Fear keeps sneaking up on me and trying to steal my joy. She sneaks into my thoughts and tells me lies. Lies like I’ll never be fulfilled if I don’t have children. Lies like I’m wasting my life waiting around for a baby. Lies like I’d better hurry up and figure out what I’m supposed to do with my life, because I’m clearly not having a child any time soon.

For months I let fear live with me. She came in and made a pleasant little home for herself. When my thoughts would stray toward our infertility, she was right there ready to tell me all the reasons my life looked bleak. When I spent a day at home without a lot of work I needed to do, she taunted me. When I wondered where I was going or what I was going to do, she egged me on. “Worry more,” she’d say. “There’s so much you should be worried about.”

Fear has a few buddies she invited over for regular, noisy parties. Anxiety would come. Low Self-Esteem always showed up. Loneliness was definitely around. But the life of the party was Worry. They all came and they always made a mess.

Anxiety always echoed Fear’s haunting chorus: “You’ve got nothing. You’re going nowhere.” And added, “What are we going to do?”

Low Self-Esteem said, “Without children, who are you? You’re not valuable to future generations. You’re not worthy of your mommy-friends. And you’re really letting yourself go these days.” (Okay, there may be some truth to that last one . . .)

Loneliness tried to make me forget that I am never alone, that God is always with me. She tried to make me forget that  my husband, my best friend,  is here for me. Loneliness tried to tell me my friends, especially the ones who live far away, were too busy with their own, more important, lives to have time to talk to me. Loneliness told me that I didn’t fit in–that I’m too long married to be with the “young marrieds” and too barren to hang with the fertile crowd.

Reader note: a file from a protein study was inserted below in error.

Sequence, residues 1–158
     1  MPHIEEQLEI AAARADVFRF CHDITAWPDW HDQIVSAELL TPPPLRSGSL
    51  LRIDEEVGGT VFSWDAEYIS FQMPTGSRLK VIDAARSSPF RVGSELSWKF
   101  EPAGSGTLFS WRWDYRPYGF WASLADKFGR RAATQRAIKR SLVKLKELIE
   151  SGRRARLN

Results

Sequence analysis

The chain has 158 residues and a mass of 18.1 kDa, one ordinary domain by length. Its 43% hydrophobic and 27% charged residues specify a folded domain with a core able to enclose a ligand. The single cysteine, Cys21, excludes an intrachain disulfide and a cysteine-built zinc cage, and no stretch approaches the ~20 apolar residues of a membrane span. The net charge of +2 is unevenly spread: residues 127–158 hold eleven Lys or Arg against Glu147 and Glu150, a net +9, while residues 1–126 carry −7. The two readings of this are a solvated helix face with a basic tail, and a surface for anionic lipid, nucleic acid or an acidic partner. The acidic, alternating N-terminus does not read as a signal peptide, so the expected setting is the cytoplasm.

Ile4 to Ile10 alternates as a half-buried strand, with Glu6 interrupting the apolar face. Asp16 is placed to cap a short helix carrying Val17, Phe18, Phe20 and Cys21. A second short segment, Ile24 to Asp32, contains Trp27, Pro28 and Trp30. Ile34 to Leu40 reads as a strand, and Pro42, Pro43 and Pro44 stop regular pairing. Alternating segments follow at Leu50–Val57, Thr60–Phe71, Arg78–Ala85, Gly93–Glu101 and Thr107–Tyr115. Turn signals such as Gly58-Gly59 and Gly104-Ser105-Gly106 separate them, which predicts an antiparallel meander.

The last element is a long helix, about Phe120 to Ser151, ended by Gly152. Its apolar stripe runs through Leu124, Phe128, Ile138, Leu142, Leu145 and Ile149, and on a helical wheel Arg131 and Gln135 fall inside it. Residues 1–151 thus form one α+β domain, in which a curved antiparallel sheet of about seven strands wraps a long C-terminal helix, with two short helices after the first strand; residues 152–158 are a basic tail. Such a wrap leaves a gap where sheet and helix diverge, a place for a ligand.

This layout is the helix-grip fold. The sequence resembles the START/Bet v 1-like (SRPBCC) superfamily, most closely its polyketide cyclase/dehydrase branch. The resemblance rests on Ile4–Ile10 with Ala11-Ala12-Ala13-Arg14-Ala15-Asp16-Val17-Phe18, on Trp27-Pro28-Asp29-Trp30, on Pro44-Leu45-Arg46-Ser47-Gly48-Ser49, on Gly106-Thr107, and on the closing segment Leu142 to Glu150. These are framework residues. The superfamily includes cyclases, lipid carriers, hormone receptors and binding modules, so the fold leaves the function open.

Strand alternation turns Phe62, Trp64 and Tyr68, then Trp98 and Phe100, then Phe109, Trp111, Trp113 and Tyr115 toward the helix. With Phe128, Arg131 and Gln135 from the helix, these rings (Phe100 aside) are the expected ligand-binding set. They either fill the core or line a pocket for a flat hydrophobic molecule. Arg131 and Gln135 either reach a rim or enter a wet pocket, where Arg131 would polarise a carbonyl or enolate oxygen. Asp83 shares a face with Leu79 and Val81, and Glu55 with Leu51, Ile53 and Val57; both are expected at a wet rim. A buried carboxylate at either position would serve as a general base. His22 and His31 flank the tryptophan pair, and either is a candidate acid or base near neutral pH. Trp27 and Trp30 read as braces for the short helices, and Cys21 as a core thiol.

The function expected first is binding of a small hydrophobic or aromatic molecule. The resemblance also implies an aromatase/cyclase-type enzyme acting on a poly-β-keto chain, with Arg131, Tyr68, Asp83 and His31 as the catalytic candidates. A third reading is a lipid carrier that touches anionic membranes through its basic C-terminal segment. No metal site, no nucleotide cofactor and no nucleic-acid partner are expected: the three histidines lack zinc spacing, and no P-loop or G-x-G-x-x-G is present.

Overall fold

And Worry. She got into everything. Every aspect of my life was under her purview. “What if your husband has a terrible car accident on his way to work? Then you’ll really be alone. What if you get everything in order and still can’t make a baby? What if you can’t have any children? What will you do with yourself then? What if . . .”

A mess indeed. I look back on those months and I remember the company I was keeping–the company I was feeding and allowing to be part of my life–and it’s no wonder that I was depressed. That I was always tired. That I felt Hope slipping away.

And then something changed. Slowly, I began to realize that I was nourishing all of these negative voices instead of the positive voices that were standing at the door and waiting to be let in to influence my life. I was feeding Fear and Worry. I was giving them a free pass. But I didn’t have to do that.

And I found in the Word, “There is no fear in love. But perfect love casts out fear, because fear has to do with punishment. The one who fears is not made perfect in love” (I John 4: 18).

And I found in the Word, “Do not be anxious about anything, but in every situation, by prayer and petition, with thanksgiving, present your requests to God” (Philippians 4:6).

I find today that I am not afraid. I’m not afraid that we won’t be able to have children even with help. It may happen, but I’m not afraid of it. I’m not afraid that I will not be a mother. I may never be a mother, but I’m not afraid. I don’t need to worry about tomorrow–I need to live today.

I am choosing Joy instead of Worry and Peace instead of Anxiety. I am choosing Love instead of Fear. And maybe when Love comes in and finds it is at home, Fear is evicted and can’t find a place to lay her head. Love trumps Fear. Love wins.